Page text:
Reading’s For Suckers

George Costanza

Remember the episode of Seinfeld where George tries to get out of reading an anger management book by pretending to be blind and having it read to tape just for him? Well I think he was on to something, only now you can now do it for free using Apple’s Automator.

Maybe you have a backlog of emails you have to read, or a line of articles that have popped up in your RSS reader, or you’ve bookmarked a few cool articles that you planned to get to earlier, but never did. Rather than trying to read them all before leaving for work, why not convert them to an audio file and have them read to you as you drive. It’s like your own personal podcast.

Text-to-speech software is nothing new, but it’s only recently that it has become powerful, affordable and practical enough to be a viable solution to this problem. There are many shareware applications, which I will review in time, but if you’re using Mac OS X you can do it for free.


VoiceOver + Automator (free from Apple, OS X 10.4 or later)

This method is free, but does take some setup. I have provided pre-made apps at the bottom of this post.

1. Turn on assistive devices

In order for this method to work, you will need to turn on support for assistive devices. Go to the Control Panel and choose Universal Access. Check the box Enable access for assistive devices.

Universal access panel

2. Open Automator

Automator icon
You will find Automator in the Applications folder of your OS X hard disk. If you are using OS X 10.5 (Leopard) you will be asked to choose a starting point when you open the application. If this is the case, choose Custom and then click the Choose button.

3. Setup the workflow

OS X has a number of built-in automator actions. What we want to do is create a workflow which first asks for text, then outputs that text as an audio file you can use on your MP3 player.

Find the action “Ask for text” either by searching through the Actions library at the left (should be under Text or TextEdit), or by entering “Ask For Text” in the search box at the upper-left. When you find the action, click and drag it over to the right side of the window.

Next, find the action “Text to audio file” by searching the library, or again using the search box and entering “Text to audio file”. Click and drag this action to the right underneath the “Ask For Text” action.

Fill in the fields as shown in the screen shot below (if you are using 10.4 Tiger, you will need to choose someone else instead of Alex from the System Voice drop-down. I recommend Fred.).

Automator Workflow

4. Save workflow as an application

Go to File > Save As. In the Save As window, enter a name (eg. “Text To Audio”) and choose a location, then choose “Application” in the File Format drop-down menu before hitting the Save button.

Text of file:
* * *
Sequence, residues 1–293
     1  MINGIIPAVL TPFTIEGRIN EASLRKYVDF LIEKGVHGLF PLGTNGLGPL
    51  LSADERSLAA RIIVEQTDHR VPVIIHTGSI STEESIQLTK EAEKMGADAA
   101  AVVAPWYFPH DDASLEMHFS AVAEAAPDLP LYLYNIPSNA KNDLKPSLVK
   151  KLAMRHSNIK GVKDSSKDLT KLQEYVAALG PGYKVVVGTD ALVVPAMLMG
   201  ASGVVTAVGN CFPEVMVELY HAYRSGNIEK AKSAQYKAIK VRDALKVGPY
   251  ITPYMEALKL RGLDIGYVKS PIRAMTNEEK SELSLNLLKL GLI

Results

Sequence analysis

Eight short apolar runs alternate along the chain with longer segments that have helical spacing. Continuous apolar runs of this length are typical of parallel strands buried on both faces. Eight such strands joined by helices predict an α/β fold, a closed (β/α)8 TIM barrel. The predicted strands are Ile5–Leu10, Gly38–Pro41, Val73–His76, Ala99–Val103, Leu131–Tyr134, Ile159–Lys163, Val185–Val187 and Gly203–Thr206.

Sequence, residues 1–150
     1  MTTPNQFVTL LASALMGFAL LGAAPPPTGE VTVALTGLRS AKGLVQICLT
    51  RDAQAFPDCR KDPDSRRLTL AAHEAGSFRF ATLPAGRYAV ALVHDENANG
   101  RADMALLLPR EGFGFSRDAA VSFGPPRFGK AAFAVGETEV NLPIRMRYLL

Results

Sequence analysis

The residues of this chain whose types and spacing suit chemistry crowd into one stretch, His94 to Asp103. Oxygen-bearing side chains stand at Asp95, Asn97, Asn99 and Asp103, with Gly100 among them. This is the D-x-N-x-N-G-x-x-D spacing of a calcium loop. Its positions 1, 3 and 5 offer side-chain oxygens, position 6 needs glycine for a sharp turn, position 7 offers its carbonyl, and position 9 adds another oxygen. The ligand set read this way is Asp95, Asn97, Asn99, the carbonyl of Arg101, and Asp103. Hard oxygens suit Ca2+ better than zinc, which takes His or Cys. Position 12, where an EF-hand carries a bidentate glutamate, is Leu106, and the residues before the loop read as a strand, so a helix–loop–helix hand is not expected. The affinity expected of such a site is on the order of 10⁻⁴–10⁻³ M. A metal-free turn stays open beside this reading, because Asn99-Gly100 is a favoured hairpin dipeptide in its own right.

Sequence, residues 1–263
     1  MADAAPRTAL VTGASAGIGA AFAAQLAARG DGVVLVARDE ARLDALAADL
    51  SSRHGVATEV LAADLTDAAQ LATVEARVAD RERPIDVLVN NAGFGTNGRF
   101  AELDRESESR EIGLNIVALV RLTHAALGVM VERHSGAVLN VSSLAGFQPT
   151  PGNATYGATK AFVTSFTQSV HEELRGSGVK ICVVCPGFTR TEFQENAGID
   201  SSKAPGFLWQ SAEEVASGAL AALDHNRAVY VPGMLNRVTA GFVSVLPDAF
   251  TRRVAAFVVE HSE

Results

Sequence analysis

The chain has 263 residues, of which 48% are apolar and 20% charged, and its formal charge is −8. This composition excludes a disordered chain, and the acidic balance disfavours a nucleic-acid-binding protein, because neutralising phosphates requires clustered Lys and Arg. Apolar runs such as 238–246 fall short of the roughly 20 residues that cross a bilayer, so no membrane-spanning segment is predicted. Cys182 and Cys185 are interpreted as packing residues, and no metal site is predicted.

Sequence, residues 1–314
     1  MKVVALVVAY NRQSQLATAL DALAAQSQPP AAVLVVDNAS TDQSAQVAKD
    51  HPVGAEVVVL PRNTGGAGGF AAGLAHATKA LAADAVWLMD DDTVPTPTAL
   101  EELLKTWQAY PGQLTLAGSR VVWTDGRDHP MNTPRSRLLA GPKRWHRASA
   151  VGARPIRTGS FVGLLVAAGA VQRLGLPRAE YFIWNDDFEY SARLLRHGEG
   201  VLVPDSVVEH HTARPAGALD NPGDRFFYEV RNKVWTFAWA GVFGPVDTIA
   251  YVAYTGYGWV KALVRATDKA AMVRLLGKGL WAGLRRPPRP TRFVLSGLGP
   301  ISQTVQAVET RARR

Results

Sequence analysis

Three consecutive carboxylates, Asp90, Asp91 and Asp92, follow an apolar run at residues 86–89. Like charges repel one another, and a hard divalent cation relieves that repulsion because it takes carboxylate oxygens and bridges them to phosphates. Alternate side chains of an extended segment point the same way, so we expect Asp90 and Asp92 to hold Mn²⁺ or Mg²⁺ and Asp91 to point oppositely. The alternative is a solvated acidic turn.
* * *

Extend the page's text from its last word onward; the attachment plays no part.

Save as prompt

5. Try it out!

Close Automator and find where you saved the file from step 4. Double-click it and you should be prompted with a text area that looks something like the one pictured. Find the article you want to convert to an audio file, select the text and copy it. Then place your cursor in the text area and paste it, then click OK.

text prompt

Note for 10.4 Tiger users: I found that I was unable to paste text in the box using the usual Cmd+V method in Tiger. Not sure why this is, but you can work around this by right-clicking (or Control+Clicking) in the text area and choosing Paste from there.

output file
What you should end up with is a new .aiff file on your desktop with the name “output.aiff” (or whatever you specified in the Save As field in the “Text to audio file” Automator action. You can now move this file onto your MP3 player.

6. Step it up a notch

The method described above is just one way of converting text to audio in OS X. There are in fact more powerful ways you can do this by playing around with the Automator actions available to you. For example, you can create an automator application that gets articles from an RSS feed and converts them conveniently into separate audio files by using the following workflow:

RSS workflow

When run, this script will first ask you to supply an RSS URL. WHen you do that and click OK, it will go out and get all the articles in the RSS file, then dump each as an .aiff to the desktop.

WARNING: You may want to hover your mouse over the stop action button, though, because if the RSS feed is large, it will take a long time to convert every single article. You probably will want to stop it after it converts the first few articles.


Only OS X 10.5 Leopard has the cool Alex voice, so I’m afraid 10.4 users will need to settle for the old Stephen Hawking-style voices that come with Tiger. Also, although you can change pronunciation in the VoiceOver Utility (found in Applications/Utilities) which allows you to define how the program pronounces certain words or acronyms, these settings are ignored when using the automator script.

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  1. […] were in a rush and didn’t have time to read those emails, or that article, or that report. The solution was to use Mac OS X’s in-built text-to-speech technology to convert those words to an audio […]

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